Certified Basic Network Support Professional Host networking commands of telnet tracert ipconfig arp netstat and nslookup

Host networking commands of telnet tracert ipconfig arp netstat and nslookup

nslookup is a network administration command-line tool available for many computer operating systems for querying the Domain Name System (DNS) to obtain domain name or IP address mapping or for any other specific DNS record. The Internet Systems Consortium has deprecated nslookup in favor of host and dig.

nslookup operates in interactive or non-interactive mode. When used interactively by invoking it without arguments or when the first argument is -(minus sign) and the second argument is host name or internet address of name server, the user issues parameter configurations or requests when presented with the nslookup prompt (>).When no arguments are given, then the command queries to default server.The -(minus sign) invokes subcommands which are specified on command line and should precede nslookup commands. In non-interactive mode i.e.when first argument is name or internet address of the host being searched, parameters and the query are specified as command line arguments in the invocation of the program. The non interactive mode searches the information for specified host using default name server.

netstat (network statistics) is a command-line tool that displays network connections (both incoming and outgoing), routing tables, and a number of network interface (network interface controller or software-defined network interface) and network protocol statistics. It is available on Unix, Unix-like, and Windows NT-based operating systems.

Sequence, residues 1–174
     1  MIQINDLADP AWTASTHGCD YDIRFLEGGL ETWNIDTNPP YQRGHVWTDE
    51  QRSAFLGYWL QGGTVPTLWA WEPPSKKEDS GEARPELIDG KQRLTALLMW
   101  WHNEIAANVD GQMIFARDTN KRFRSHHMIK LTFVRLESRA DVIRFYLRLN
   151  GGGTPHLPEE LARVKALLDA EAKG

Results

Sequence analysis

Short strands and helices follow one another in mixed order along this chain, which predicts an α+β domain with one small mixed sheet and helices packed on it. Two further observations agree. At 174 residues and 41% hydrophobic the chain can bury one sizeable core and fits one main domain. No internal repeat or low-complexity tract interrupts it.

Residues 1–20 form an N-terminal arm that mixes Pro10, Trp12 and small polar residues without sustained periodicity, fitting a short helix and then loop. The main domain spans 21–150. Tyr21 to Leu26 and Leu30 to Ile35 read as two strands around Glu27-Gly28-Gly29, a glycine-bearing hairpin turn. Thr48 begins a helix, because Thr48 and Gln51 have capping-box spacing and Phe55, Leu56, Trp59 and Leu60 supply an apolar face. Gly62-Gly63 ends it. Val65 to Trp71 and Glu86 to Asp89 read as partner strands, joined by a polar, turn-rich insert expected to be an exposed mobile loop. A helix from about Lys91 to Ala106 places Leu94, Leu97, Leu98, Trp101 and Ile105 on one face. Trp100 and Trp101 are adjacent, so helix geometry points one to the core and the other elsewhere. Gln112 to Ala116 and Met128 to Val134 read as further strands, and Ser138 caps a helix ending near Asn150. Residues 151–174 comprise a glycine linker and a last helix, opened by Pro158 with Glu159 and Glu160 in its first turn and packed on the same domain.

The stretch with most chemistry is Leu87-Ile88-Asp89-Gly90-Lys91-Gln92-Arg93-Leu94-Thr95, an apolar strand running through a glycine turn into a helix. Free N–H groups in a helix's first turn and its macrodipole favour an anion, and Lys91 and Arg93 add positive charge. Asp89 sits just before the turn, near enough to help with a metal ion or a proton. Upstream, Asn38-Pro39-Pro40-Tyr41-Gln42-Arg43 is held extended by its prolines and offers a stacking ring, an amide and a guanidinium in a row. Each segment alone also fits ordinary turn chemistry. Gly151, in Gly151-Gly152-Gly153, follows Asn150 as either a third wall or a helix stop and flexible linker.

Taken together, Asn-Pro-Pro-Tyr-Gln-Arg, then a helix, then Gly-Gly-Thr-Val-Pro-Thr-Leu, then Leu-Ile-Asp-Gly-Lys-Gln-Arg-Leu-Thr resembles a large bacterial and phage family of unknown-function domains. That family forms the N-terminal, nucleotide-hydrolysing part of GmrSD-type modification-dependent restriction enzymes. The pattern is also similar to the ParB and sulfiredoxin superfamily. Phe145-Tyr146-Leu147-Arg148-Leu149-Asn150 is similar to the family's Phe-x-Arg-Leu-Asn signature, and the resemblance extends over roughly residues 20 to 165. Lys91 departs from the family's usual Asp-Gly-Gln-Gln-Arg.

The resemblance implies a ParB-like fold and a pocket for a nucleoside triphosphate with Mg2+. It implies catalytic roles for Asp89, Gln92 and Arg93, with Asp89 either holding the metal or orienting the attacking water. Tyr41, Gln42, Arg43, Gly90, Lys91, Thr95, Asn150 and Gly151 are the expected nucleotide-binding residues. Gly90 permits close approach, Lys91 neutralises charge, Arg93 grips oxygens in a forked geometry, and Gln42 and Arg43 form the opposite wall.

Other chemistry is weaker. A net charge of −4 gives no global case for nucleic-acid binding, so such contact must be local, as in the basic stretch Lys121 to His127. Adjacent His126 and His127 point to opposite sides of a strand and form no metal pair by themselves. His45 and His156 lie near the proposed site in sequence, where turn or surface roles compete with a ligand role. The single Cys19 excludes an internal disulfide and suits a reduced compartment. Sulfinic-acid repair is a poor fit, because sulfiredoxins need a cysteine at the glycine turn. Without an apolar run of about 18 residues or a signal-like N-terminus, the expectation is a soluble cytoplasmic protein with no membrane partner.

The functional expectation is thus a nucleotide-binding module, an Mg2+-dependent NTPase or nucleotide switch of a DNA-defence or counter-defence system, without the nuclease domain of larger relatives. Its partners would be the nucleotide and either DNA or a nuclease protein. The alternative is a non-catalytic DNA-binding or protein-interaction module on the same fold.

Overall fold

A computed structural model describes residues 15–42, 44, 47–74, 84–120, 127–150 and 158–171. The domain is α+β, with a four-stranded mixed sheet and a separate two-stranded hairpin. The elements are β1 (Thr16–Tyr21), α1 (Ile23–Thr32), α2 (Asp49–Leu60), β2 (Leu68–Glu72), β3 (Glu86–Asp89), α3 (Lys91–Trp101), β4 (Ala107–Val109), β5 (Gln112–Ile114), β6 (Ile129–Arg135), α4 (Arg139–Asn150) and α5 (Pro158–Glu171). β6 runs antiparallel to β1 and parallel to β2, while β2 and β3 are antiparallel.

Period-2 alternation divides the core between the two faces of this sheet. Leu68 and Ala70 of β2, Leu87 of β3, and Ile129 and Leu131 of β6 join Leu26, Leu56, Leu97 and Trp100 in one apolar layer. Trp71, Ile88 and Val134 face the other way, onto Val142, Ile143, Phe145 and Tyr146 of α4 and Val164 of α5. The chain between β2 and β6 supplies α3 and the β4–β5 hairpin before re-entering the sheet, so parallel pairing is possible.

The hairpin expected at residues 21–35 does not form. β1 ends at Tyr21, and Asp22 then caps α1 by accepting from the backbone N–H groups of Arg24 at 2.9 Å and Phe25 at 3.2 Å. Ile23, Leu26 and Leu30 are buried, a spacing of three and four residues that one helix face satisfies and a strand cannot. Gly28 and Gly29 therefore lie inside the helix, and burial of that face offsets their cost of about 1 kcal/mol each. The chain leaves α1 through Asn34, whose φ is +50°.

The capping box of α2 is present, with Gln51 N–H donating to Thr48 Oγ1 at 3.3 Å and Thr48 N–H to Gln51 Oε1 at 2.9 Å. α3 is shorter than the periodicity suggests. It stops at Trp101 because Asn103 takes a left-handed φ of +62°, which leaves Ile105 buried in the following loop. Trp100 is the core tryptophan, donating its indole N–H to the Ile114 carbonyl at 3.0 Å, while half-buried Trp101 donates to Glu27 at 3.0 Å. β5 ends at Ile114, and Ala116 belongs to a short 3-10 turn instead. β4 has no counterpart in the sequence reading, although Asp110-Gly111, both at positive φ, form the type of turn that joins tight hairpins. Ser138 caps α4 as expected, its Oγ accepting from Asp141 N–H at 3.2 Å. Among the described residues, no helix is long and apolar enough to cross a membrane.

It is used for finding problems in the network and to determine the amount of traffic on the network as a performance measurement.

Parameters used with this command must be prefixed with a hyphen (-) rather than a slash (/).

-a Displays all active connections and the TCP and UDP ports on which the computer is listening.
-b (Windows) Displays the binary (executable) program's name involved in creating each connection or listening port. (Windows XP, 2003 Server and newer Windows operating systems; not Microsoft Windows 2000 or older).
-b (OS X, NetBSD) Causes -i to report the total number of bytes of traffic.
-e Displays ethernet statistics, such as the number of bytes and packets sent and received. This parameter can be combined with -s.
-f (Windows) Displays fully qualified domain names <FQDN> for foreign addresses (only available on Windows Vista and newer operating systems).
-f Address Family (FreeBSD) Limits display to a particular socket address family, unix, inet, inet6
-g Displays multicast group membership information for both IPv4 and IPv6 (may only be available on newer operating systems)
-i Displays network interfaces and their statistics (not available under Windows)
-m Displays the memory statistics for the networking code (STREAMS statistics on Solaris).
-n Displays active TCP connections, however, addresses and port numbers are expressed numerically and no attempt is made to determine names.
-o (Windows) Displays active TCP connections and includes the process ID (PID) for each connection. You can find the application based on the PID on the Processes tab in Windows Task Manager. This parameter can be combined with -a, -n, and -p. This parameter is available on Microsoft Windows XP, 2003 Server (and Windows 2000 if a hotfix is applied).[2]
-p protocol (Windows and BSD) Shows connections for the protocol specified by protocol. In this case, protocol can be tcp, udp, tcpv6, or udpv6. If this parameter is used with -s to display statistics by protocol, protocol can be tcp, udp, icmp, ip, tcpv6, udpv6, icmpv6, or ipv6.